Growing up, I was encouraged by my parents to “be myself.” The sentiment was sweet; but in practice, these hippie parenting techniques resulted in multiple fashion disasters. Instead of being myself, I was a little bit of everybody else. I suited up in trend-whore clothing and accessories, no matter how contrary these “fashions” were to whatever else I happened to wear that month, week, or day. I may occasionally pull a Shakespeare and wax philosophical about the ‘90s; but all that my tween wardrobe and Hamlet have in common is that they are both TRAGEDIES.
In no particular order:
Smiley face everything: If it could be worn and had a smiley face on it, I owned it. Smiley face jewelry. Smiley face Joe Boxer long underwear that I’d occasionally wear out of the house as PANTS. Smiley face scrunchy, for Christ’s sake. Worst of all, though, was the patent-leather smiley face book bag. I had it in “yellow on black,” which I (mistakenly) thought was alt.
Oversized t-shirt tucked into jeans and puffed out, with three-hole belt: The oversized t-shirt tucked into jeans and puffed out was how you were supposed to show that you had a nice, round ass – which I didn’t. In fact, I was pretty assless back then. The t-shirt was usually “borrowed” from a friend’s older brother, or my dad if I was desperate. Across my flat chest was “FILA” or “FuBu” or some other ridiculously shameful brand that I had no business wearing.
This ensemble was not complete without the black “leather” belt that had three holes punched throughout. This was the only type of belt that existed in 1998. I bought mine at a 300-square-foot shop that specialized in bootleg tapes. While there, I also purchased Jay Z’s Vol. 2: Hard Knock Life and a sticky bun.
Chain wallet: Chain wallets screamed, “I’m a ten-year-old badass.” My chain wallet could not be my everyday wallet, unfortunately. It typically didn’t fit into my back pocket unless I was wearing my brother’s hand-me-down JNCO jeans.
Non-prescription glasses with gold frames: This is where I start shame spiraling. So, I come from a multiracial family. I grew up pretty indifferent to this; rejecting every individual culture I counted as my own in favor of being “American.” My dad was “white” and my mom was “black” and that was as deep as I cared to understand it. That is, until I reached Junior High and all of my friends were Hispanic. I used my vague ethnic background as a means to become “the same” as everyone else. I used my grandmother’s birthplace (Panama, on an ARMY BASE) as my “in.” I pretended my last name was spelled “Georgopuloz,” because everyone knows that if you tack a “z” onto the end of your last name, it becomes Spanish. My middle name, ‘Hope,’ was now ‘Esperanza’.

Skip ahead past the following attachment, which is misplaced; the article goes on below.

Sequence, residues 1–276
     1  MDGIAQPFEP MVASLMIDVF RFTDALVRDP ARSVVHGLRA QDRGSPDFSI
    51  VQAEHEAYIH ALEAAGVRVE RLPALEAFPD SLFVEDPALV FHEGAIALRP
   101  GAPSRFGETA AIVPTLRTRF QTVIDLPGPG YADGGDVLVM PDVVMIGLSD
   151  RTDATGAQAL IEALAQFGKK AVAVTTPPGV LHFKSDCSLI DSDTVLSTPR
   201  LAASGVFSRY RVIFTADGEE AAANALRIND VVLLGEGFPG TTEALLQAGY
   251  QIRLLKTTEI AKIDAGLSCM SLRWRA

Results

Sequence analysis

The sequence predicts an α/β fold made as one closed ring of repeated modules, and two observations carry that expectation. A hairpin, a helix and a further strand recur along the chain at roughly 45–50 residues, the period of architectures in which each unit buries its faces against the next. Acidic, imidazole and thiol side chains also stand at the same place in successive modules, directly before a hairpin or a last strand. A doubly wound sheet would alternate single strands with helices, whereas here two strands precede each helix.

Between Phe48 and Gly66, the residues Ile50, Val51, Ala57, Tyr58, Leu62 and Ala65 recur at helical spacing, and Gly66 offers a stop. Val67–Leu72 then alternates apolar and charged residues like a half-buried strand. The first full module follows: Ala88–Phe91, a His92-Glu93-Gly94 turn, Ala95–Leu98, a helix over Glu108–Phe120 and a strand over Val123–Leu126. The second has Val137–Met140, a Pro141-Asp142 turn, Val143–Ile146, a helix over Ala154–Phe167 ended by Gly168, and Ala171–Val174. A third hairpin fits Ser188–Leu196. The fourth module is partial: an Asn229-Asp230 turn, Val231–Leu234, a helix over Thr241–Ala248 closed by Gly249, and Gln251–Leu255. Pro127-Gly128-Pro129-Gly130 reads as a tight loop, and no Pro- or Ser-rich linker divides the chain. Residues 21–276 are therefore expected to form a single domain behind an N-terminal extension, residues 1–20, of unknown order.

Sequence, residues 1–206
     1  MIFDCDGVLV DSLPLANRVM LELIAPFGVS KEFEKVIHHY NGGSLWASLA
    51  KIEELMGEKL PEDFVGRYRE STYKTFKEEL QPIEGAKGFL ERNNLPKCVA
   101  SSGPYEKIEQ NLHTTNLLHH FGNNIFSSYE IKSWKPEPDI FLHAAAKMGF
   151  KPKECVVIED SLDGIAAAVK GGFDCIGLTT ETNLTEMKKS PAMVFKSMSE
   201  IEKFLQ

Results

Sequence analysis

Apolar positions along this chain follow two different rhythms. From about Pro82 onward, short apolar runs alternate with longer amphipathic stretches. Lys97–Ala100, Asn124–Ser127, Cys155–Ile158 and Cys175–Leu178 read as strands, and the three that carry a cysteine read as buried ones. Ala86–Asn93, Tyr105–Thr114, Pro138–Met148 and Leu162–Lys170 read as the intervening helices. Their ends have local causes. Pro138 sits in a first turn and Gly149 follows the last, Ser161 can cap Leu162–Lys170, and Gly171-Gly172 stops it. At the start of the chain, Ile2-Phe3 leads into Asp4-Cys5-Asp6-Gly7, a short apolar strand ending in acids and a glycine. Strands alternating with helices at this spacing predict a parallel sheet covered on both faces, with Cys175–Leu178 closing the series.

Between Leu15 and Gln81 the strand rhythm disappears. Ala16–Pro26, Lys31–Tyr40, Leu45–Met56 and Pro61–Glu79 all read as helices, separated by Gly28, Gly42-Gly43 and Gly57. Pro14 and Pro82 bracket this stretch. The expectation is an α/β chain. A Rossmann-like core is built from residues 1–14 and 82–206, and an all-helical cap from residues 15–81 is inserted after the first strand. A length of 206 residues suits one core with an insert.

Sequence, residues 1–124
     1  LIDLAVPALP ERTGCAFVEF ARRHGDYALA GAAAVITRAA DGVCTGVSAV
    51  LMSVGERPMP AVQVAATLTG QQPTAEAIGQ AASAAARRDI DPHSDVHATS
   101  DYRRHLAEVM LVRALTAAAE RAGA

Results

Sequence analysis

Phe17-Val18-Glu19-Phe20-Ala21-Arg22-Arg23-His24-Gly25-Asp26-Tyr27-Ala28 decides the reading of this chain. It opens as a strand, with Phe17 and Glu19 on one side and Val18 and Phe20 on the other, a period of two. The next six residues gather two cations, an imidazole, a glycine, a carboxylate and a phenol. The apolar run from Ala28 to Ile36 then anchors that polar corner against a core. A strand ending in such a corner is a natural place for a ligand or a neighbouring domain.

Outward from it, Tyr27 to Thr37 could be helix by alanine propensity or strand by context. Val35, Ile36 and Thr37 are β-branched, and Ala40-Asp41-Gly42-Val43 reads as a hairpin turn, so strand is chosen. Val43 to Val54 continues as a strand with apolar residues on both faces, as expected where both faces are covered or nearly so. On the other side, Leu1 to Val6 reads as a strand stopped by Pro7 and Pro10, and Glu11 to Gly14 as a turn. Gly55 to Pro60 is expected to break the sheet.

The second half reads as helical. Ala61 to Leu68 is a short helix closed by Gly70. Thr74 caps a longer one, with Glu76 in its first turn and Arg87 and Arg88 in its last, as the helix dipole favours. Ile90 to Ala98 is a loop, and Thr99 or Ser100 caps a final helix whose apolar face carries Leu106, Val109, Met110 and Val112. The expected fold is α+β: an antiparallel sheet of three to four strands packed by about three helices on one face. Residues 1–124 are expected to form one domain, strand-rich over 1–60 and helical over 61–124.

The non-prescription glasses with gold frames are symbolic of the many imprudent purchases I made in the name of being Hispanic/”hood.” When paired with doorknocker earrings, my “nameplate” (kill me), and my baby hairs gelled down and sculpted onto my forehead; I was certified Boricua. I now realize that I was actually just a tween growing up in Park Slope, that all Brooklyn tweens dressed like that regardless of race, and that wearing fake reading glasses was not “hood,” no matter how blinged out they were.
Overalls: If I said overalls weren’t the worst, I’d be lying. There were endless ways to look like a tool in overalls. There was the “one strap undone” look, and the “roll up one side of the pant leg but not the other” thing. Not only did I own blue jean overalls like most confused ‘90s kids, I also owned a brown pair. Brown jean overalls.
Socks in general: None of my socks matched, ever. I was always wearing one loud-ass patterned sock with a white ankle sock from Puma or some similar athletic brand. I had gaudy holiday socks that I wore year round. All sock combinations had to be painfully mismatched in color, height, and thickness.
Visors: Visors randomly became “hip” again in the early 2000s. I worked at McDonald’s at the time and entertained the possibility of passing off my McDonald’s “headgear” as an ironic visor from a “hip” skate-kid store like Mr. Rag’s or Pac Sun. I owned one other visor – it was from Michigan State and I bought it for this dude after making out with him once; then decided to keep it because he “wasn’t my boyfriend.” Oops!
I spent my tween years making the Arquettes look like the Armanis. I can’t even begin to discuss the hair that accompanied these atrocities of fashion (think of all of the horrible things that can be done with bangs, and multiply that by 30). I may take frequent walks down Nostalgia Lane, but my rose-colored glasses can still recognize fugly.